The virtue of moderation is what allows one to go shopping in the most tempting store and purchase a small treat instead of spending all that’s in your wallet. It allows you to take a bowl of ice cream from the carton, not the entire carton itself, or have a glass of wine without downing the entire bottle. This is not to say that indulgence is always a bad thing- who hasn’t heard the saying “everything in moderation- including moderation”? However, a lack of control over one’s impulses and desires can be troublesome- or far more dangerous. It’s nearly impossible to turn to the media anymore without seeing news of some celebrity going into drug rehab, or advertisements for various means of help for those with any number of addictions. For those with addictions, moderation is extremely difficult or downright impossible.

In our contemporary culture in the US, advertisers and the media frequently seem to scream “More! Bigger! Faster! Extreme!” and we push ourselves to the limit in many ways- credit card debt and bankruptcy filings are out of control. Workaholics barely know their families. Cars and trucks are bigger, faster, louder. Many celebrities lead very public lives of hedonism and extreme indulgence.

We may consider a classic tale of indulgence- the tale of King Midas and his golden touch. When King Midas was granted his wish that everything he touched turned to gold, he got it…and everything he touched did turn to solid gold- including his own daughter.

King Midas’s tale and others particular to today’s society, such as the drug overdose of actor River Phoenix and the suicide of singer Kurt Cobain clearly illustrate that just because you seem to be getting everything you want does not necessarily mean that that is what’s right or what’s good and if you’re not careful, you may lose everything. These stories may be a bit more extreme than what most people face, but it is somewhat appropriate that they are a bit “larger than life” and therefore may be a wake up call or a lesson to some people that it’s not a good thing to- as the bumper sticker goes- “Live fast, die young, leave a good-looking corpse.”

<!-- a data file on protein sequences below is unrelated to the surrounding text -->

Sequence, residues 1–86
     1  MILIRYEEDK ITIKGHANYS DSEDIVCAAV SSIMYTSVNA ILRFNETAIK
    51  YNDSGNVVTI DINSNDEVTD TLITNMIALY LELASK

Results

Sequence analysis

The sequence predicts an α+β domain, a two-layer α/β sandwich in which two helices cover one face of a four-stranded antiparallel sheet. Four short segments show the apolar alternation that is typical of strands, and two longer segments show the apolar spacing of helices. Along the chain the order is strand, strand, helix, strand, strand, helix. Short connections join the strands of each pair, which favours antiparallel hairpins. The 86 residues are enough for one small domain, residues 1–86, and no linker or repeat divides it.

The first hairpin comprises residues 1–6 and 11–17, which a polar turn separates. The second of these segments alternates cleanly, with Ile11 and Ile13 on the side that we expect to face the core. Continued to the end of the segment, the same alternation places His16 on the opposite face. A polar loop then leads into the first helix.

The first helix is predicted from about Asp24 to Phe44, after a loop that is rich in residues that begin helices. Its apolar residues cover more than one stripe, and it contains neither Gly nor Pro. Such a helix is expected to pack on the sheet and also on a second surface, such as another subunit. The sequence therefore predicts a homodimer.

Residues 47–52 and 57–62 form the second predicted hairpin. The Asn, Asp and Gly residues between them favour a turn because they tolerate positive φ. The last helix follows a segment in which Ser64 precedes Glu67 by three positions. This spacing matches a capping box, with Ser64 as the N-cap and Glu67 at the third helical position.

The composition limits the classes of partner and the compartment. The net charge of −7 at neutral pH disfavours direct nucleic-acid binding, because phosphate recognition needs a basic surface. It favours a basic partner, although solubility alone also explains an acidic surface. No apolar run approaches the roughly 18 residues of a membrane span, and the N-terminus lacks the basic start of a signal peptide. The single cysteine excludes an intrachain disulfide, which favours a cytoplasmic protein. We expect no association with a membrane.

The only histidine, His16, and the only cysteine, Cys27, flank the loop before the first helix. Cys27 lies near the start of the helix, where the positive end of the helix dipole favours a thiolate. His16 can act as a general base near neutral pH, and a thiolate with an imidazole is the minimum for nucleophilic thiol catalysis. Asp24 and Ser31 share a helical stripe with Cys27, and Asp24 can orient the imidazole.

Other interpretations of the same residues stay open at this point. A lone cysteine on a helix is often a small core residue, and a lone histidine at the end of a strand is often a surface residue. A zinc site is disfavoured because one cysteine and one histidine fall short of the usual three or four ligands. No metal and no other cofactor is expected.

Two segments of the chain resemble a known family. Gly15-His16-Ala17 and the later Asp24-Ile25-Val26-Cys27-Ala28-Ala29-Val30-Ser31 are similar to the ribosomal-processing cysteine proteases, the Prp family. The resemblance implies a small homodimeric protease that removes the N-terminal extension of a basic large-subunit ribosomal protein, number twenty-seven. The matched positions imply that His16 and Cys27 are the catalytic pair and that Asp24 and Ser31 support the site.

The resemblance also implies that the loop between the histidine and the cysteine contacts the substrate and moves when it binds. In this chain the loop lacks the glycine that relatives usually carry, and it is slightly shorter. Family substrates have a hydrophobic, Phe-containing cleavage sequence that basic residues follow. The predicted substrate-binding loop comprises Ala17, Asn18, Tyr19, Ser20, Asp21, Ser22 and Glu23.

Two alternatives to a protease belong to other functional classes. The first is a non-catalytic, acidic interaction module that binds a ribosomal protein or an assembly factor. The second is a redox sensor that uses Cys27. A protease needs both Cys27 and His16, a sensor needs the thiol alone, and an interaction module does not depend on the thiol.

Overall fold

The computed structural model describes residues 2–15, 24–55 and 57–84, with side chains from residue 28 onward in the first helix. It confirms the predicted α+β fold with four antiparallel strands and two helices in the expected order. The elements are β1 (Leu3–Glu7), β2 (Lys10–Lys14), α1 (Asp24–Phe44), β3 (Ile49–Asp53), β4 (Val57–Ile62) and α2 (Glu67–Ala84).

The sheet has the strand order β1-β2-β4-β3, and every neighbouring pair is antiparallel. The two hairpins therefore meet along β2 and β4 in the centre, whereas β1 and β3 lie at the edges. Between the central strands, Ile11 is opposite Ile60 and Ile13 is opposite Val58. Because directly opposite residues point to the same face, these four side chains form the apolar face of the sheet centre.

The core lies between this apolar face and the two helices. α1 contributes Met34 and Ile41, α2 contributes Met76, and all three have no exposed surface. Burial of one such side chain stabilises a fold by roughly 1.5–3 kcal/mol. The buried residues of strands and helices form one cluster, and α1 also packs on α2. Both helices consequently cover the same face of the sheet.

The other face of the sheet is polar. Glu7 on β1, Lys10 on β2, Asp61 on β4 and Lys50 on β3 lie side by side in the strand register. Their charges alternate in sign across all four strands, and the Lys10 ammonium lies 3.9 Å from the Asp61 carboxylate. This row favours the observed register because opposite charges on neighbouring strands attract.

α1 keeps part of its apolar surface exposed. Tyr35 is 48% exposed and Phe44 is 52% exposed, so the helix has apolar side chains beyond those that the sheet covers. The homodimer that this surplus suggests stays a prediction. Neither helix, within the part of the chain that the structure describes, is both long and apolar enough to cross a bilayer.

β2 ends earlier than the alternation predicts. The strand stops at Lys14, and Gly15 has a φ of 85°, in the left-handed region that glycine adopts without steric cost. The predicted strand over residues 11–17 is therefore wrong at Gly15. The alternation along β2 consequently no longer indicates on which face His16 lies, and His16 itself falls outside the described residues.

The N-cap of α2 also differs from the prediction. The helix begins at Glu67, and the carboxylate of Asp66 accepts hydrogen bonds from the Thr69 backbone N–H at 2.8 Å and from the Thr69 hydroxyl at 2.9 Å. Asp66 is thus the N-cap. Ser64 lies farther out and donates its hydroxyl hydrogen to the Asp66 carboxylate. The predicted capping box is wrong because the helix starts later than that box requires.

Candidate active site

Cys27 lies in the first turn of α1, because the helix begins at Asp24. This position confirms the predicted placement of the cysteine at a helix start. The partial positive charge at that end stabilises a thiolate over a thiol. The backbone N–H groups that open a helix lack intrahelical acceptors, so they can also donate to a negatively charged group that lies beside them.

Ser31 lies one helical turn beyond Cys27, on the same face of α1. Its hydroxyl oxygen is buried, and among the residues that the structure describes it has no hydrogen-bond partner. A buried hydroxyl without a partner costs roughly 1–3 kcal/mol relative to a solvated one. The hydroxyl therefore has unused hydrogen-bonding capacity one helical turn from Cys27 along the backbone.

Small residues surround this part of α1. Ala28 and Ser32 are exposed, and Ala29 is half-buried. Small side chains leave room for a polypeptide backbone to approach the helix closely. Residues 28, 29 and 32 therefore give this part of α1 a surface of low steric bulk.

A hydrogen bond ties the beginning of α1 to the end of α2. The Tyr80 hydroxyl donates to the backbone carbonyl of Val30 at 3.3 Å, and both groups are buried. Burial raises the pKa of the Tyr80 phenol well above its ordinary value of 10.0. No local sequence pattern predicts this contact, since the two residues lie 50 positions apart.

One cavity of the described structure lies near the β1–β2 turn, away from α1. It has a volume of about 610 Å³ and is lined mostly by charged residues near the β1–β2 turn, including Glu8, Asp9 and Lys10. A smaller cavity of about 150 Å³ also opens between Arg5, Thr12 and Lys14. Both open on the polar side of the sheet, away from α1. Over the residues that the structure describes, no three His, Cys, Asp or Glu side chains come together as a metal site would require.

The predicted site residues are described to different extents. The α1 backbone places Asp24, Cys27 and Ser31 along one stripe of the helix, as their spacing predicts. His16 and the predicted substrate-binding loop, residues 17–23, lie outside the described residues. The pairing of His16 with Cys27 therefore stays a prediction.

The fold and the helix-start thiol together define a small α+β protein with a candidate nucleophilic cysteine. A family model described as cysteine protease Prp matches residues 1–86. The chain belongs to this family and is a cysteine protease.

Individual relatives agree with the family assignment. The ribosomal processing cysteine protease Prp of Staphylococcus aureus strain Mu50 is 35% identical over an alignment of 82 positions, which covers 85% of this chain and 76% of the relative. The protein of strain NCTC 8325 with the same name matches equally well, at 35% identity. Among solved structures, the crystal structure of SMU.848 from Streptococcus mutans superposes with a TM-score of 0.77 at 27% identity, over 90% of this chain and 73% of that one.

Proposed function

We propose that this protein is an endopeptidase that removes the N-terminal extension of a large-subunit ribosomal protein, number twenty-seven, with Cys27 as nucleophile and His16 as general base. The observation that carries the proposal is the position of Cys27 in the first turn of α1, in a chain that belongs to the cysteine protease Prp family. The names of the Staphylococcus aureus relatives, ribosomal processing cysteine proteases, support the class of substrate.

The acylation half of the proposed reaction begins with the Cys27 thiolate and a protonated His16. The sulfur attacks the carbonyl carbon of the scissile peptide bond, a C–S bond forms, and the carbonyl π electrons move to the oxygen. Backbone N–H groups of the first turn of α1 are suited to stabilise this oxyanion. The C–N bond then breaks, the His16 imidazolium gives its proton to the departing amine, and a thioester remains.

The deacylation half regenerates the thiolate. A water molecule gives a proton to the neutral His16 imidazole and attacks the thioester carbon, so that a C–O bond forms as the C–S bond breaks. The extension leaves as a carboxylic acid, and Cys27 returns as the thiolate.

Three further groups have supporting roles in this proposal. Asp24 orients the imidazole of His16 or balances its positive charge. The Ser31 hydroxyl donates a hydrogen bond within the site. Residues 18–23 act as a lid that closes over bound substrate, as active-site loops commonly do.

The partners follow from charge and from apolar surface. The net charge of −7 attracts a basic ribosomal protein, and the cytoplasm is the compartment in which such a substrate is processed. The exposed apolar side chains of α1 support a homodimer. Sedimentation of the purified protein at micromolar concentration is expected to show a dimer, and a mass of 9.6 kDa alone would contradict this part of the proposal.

"My doctor say that I have a malformed public-duty gland and a natural deficiency of moral fibre and that I am therefore excused from savinguUniverses."
- Slartibartfast, Hitchiker's Guide to the Galaxy

Integrity is the quality of wanting to do the right thing- and doing it. Even when- especially when no one is looking and no one will find out. One who does the right thing only when the spotlight is on them cannot claim integrity. Without integrity, we could trust no one. We would have no families, no communities, no one to turn to in time of difficulty or crisis. Without integrity, we would never be able to leave our houses safely; life would be lived moment to moment worrying about defending ourselves from crime.

Integrity, however is not doing what’s right simply to avoid punishment, it’s doing what’s right because it’s right, even if it may result in punishment.
“Writing is easy. You only need to stare at a piece of blank paper until your forehead bleeds”–Douglas Adams